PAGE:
The Canary Islands, Under The Sign Of The Unreal

The summon sounded imperative, I had positive interests, thank goodness – I was to receive by the hands of professor Cioranescu the second volume of his memoirs - this, as he had no intention of coming to the country this year – moreover, my curiosity was not inconsiderable. Therefore, I embarked on a night flight from Roissy, and in the morning, nine o'clock, and approximately 2000 kilometers away, I would, on his imperious advice, land on the airport Reina Sofia, in the southern part of the island of Tenerife. No customs, no passport control, no officials of any kind. It was April and the season hadn't started as yet, so I exited the large airport, mostly empty, as I would have had the railway at Focsani. It is true, nevertheless, that nobody was expecting me. And, as I knew nothing about buses, lines, timetables, I aristocratically boarded the first taxi and perkily ordered: Tenerife, Méndez Nuñez. Half an hour later we had – on the left side – left behind the abrupt rocks of the volcano Teide, with its peak indeed engulfed in clouds, and a small fishing port – on the right-hand side. We continued driving on a capital highway, along the seashore: nearly an hour later and 70 kilometers further, we victoriously reached Tenerife: but, in the tiny block at number 80, third floor, nobody answered my persistent ringing. After several minutes of perplexed anxiety, an elderly lady emerged from the elevator: the professor's next-door neighbor, she told me in an undertone of reproach: "But Don Alejandro is not in, he is at Bajamar…"As the evening settled in, everything came to be in good order: I had spoken to the professor on the telephone, the housekeeper had explained the way, I had taken another cab which this time would drive me across the island from East to West. Then I would find myself in Don Alejandro's cottage, which bore a name he confessed being very proud of: Oro azul, azure gold. I remained one full week in the Canary Islands, as the guest of professor Cioranescu who, at his age of 87, was an impeccable host and cicerone, in a town where he had started his Spanish existence, four decades ago. May I say that today, this seems to be the most strange and beautiful adventure of its kind, in my life. From the beginning, my stay there was governed by the outmost improbable. I had shortly arrived in Paris, had not received any pay yet and had to borrow money to buy the ticket. It was a fairly hectic period and I should not have been missing for one full week. Moreover, I had just replied to the inviting professor I would not be able to come, and had also written home to the same effect. Within two days, I would lounge on a rock and paddle my feet in the azure waters of the Atlantic. Oro azul was a cottage erected on the mountain slope, one or two hundred meters away from the beach, composed of two completely separate apartments joined exclusively by an external staircase, in the tiny garden shaded by a species of giant rubber tree. Mornings would unfold completely independently: I used to get up, make for the water – in an undisturbed peacefulness, if the weather was fine (which it usually was) – for a short walk, come back, have some fruit and work in the library, happy to have at my disposal an impressive collection of Romanian magazines and publications of the diaspora, but also an enormous quantity of compared literature books – every apartment had its own library. I would read until two, approximately, when the professor would call for me from upstairs or look by. Together we then ate in his living room, almost invariably a meal prepared with oysters or sea fruits I always sought to avoid as much as I could, to the amusement of Doña Dominga, the professor's housekeeper. Afterwards, I would resume my work or go for a stroll. Twice, I had been to town – Tenerife, with its huge port and the marketplace enlivened by particular smells or colors. Or to Laguna, the old city placed at a high altitude and practically joined with Tenerife, where one could find the building which housed the French Department at its beginnings – ancient Canarian style, with inner stairs and balconies. There also was the main building of the university, massive, white, like a colonial palace at the fringes of the capital. Still, the highlight of the visit remained the pilgrimage to the street which bears his name, Calle Alejandro Cioranescu, not far from the great esplanade which runs along the key and from the square which is still named after Franco. It is a new street, with houses finished on one flank; thus, we took a snapshot at the street corner, for remembrance, because it was the only occasion for me to have my picture taken under a street sign together with the one who gave it its name. In the evenings, with a conscience clear on account of the work done or the wanderings-about, we would jointly go for a walk through Bajamar, a tourist village conquered by German visitors of whom a great deal had even bought houses there, some letting them for a one-year period. All the firms and ads in the stores, on the streets or in the shop windows were written in Spanish and German. More, even the saleswoman in a small store with beach articles, where I entered to buy postcards, was a not so young German who was cleverly combining her stay with an occupation yielding small profits. Our walk through the village, along the highway which followed the West coast, would usually end up in a small restaurant; there, one would descend three or four stone steps and enter a not very large hall, tapestried with old playbills and photographs, with an owner-barman, hospitable and not so insistent. It was a place for intimate friends, regulars, who were called by their first names, whose tastes were known and insignificant manias observed; it was a place where islandish wine and specialties were served, where, as in any other Spanish restaurant, there was a lot of talking done but in a well-balanced manner, without high pitched tones or unexpected gestures. Back home, I would then linger half an hour or one hour with don Alejandro for discussions which generally instantly transubstantiated into memories, in case they did not start as such. Years spent as a cultural attaché with our embassy in Paris until 1946, when he was removed along with the old boys, his connections with certain French academics, how he transported the manuscript of his first volumes from The Bibliography of French Literature in a cart, to the Centre National de la Recherche Scientifique; his old friendship with N. Steinhardt, secondary school classmate, from which he kept lots of letters; his experience as a temporary director of the National Theatre, and many others. Everything was linked to his research of literature or with his own, the translations, the plays and notably the novels with which he was rather pleased (he told me that his last one, Daniel Who?, was being translated into Spanish). He did not despise a good joke and did not display one ounce of conceit or affectation, which made his confessions strangely impersonal, as if "told by a strange tongue." Every evening would then end in the same promise: "tomorrow I'll give you the manuscript to have a look at, before you leave." Of an unreal essence was not only my existence in this improbable place, the long conversations with professor Cioranescu on happenings fifty or sixty years ago, but: the entire scenery in which this period, like an interlude, was placed, was unreal, as well – from the incredibly azure waters of the Atlantic to the trees which shaded our walks, trees with even-surfaced bark as in sycamore maples, but from the branches of which grew roundish cactus leaves, or to the vividly-colored, overhanging flowers on the scraggy side of the road. As unreal lingered on in my memory the evening prior to the departure when, after the indoor meal and the customary exchange of words, I came to ask the professor for… the manuscript on which he had been working day in, day out. "Ah, dear," he answered, pleased at the prank he had played on me, "I abandoned my memories for quite some time now. I am writing another novel, now."1999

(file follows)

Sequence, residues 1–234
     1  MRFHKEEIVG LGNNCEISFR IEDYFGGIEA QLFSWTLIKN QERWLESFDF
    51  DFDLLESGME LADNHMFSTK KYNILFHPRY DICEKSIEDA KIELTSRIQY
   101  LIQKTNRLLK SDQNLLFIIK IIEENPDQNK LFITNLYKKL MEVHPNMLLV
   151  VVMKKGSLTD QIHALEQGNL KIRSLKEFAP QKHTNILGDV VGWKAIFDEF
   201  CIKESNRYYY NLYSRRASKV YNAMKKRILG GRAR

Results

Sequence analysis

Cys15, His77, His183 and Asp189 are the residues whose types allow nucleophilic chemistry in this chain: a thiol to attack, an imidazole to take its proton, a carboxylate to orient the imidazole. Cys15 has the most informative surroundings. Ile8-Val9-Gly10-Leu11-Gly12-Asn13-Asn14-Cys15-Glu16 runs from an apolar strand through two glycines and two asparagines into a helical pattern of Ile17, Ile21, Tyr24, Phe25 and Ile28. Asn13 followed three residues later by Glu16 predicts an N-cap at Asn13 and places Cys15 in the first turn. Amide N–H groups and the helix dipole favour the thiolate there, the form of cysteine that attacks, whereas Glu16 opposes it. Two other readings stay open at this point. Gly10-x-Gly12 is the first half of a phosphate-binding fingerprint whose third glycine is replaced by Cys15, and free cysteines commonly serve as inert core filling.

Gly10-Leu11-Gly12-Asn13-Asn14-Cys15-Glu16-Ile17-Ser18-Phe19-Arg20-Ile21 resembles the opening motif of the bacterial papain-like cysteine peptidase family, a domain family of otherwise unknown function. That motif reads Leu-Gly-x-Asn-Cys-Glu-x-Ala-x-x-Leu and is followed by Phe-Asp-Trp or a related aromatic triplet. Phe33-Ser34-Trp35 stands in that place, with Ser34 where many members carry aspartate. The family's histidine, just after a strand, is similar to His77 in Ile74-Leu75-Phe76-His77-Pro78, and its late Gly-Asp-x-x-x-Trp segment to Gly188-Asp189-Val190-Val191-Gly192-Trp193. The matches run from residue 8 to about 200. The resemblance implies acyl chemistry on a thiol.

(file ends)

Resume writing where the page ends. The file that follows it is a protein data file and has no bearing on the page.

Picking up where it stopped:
by Mircea Anghelescu